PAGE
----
Upcoming Exhibitions

Black and white photo of a woman looking out over the Sonoran Desert while wearing a traditional, long, Seri skirt and holding a boom box.
Graciela Iturbide, Mujer Ángel, Desierto de Sonora (Angel Woman, Sonoran Desert), 1979 (printed 2014); NMWA; Gift of Cindy Jones; © Graciela Iturbide, Image courtesy of Throckmorton Fine Art, NYC

Learn about exhibitions coming to NMWA soon!


JUN 26–SEP 07 2020

Paper Routes—Women to Watch 2020

Paper Routes, the sixth installment of NMWA’s Women to Watch exhibition series, showcases the transformation of paper into complex works of art. Artists use paper not merely as a support for drawings, prints, or photographs, but as a medium itself. Ranging in size from minutely detailed, small-scale works to large, sculptural installations, this exhibition explores artists’ ability to transform paper into a surprising array of shapes and structures. First presented in 2008, Women to Watch is a dynamic collaboration between the museum and its national and international outreach committees


OCT 07–DEC 31 2020

Sonya Clark: Tatter, Bristle, and Mend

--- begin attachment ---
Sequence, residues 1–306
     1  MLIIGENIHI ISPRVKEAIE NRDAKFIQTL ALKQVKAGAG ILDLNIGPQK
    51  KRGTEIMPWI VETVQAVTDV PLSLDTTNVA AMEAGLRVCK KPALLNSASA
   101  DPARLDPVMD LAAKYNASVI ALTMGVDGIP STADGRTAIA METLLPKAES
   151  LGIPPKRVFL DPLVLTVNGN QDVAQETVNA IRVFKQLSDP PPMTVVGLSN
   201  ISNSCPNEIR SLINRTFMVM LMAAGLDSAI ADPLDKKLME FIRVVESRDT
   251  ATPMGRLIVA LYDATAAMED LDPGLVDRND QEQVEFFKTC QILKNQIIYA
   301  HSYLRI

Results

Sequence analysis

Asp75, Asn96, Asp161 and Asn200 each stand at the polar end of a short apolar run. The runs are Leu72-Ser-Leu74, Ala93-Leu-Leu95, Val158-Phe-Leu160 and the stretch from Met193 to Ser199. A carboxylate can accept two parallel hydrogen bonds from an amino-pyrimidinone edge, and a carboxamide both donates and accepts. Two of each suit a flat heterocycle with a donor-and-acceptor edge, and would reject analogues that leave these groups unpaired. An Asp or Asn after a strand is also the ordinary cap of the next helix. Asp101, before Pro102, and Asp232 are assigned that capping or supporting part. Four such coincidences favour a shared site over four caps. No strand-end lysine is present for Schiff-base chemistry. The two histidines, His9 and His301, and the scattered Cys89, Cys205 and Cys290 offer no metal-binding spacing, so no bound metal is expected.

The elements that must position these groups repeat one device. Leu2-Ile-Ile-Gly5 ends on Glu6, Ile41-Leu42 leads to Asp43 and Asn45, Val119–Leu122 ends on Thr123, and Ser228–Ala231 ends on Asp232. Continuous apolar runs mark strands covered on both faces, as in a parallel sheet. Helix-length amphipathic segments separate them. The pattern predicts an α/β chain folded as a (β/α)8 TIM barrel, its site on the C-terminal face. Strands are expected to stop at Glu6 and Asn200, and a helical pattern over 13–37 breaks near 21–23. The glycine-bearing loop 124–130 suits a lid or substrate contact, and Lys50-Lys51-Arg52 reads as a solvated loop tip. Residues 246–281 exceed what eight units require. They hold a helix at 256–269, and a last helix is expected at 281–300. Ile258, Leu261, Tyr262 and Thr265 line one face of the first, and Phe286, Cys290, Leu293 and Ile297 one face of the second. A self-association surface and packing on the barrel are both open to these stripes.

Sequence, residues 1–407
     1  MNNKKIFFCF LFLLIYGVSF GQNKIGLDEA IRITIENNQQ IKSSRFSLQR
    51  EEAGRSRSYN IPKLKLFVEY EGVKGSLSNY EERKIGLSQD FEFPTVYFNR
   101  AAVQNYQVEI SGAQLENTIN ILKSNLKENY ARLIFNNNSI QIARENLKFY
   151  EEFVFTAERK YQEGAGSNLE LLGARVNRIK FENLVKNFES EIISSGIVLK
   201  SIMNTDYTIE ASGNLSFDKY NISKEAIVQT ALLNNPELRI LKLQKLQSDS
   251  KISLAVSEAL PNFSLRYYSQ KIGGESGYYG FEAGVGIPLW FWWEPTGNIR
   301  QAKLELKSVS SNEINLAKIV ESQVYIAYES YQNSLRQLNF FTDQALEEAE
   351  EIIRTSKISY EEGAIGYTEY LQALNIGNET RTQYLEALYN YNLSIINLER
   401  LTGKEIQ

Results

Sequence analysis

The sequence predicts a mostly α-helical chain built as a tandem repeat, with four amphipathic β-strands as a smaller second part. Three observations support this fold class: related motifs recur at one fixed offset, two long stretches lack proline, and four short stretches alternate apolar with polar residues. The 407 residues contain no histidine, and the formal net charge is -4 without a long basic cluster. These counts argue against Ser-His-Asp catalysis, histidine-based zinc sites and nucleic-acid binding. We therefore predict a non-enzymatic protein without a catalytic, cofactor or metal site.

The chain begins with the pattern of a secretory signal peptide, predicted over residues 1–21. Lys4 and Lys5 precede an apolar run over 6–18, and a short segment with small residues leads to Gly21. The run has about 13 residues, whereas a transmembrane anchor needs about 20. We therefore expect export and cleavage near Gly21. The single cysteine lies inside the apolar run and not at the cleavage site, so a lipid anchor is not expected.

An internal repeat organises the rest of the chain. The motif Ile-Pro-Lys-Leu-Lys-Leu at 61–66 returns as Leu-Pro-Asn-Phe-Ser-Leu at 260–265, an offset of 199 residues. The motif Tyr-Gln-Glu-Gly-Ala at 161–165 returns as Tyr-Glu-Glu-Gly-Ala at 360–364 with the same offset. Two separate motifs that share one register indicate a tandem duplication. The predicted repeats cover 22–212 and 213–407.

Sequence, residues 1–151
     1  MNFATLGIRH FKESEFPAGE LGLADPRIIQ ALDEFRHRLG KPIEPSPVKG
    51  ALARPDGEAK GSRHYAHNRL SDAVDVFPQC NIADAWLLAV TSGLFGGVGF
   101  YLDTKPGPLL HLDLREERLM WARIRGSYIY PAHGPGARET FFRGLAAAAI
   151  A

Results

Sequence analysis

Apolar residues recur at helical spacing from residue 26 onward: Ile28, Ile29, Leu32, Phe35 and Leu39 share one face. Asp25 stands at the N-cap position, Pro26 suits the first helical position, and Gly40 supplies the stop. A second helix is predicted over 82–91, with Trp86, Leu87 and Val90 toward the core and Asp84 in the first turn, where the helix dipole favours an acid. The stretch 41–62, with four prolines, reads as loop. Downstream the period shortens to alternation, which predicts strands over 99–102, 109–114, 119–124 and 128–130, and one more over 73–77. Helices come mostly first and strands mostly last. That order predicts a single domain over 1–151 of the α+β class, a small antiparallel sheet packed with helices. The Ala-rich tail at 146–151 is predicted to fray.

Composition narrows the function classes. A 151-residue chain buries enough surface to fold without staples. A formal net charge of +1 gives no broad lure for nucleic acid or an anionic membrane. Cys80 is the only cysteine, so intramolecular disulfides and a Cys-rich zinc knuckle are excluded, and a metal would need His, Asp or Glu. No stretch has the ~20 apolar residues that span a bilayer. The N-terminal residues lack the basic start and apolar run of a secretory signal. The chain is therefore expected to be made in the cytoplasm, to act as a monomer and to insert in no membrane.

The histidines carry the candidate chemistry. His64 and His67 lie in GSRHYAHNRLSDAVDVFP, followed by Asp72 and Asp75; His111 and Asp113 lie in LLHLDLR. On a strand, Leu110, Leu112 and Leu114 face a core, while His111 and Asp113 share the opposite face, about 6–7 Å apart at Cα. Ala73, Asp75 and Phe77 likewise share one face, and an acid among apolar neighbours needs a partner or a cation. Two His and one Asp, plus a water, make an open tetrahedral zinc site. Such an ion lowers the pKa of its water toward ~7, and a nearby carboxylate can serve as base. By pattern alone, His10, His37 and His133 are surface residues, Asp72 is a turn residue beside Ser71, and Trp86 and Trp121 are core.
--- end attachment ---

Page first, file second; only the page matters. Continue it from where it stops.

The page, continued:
Textile and social practice artist Sonya Clark (b. 1967) is renowned for her mixed-media works that address race and visibility, explore blackness, and reimagine history. This exhibition—the first survey of Clark’s 25-year career—includes the artist’s well-known sculptures made from black pocket combs, human hair, and thread as well as works made from flags, currency, beads, sugar, cotton plants, pencils, books, a typewriter, and a hair salon chair. The artist transmutes each of these everyday objects through her application of a vast range of fiber-art techniques: Clark weaves, stitches, folds, braids, dyes, pulls, twists, presses, snips, or ties within each work. By stitching black thread cornrows and Bantu knots onto fabrics, rolling human hair into necklaces, and stringing a violin bow with a dreadlock, Clark manifests ancestral bonds and reasserts the black presence in histories from which it has been pointedly omitted.

National Museum of Women in the Arts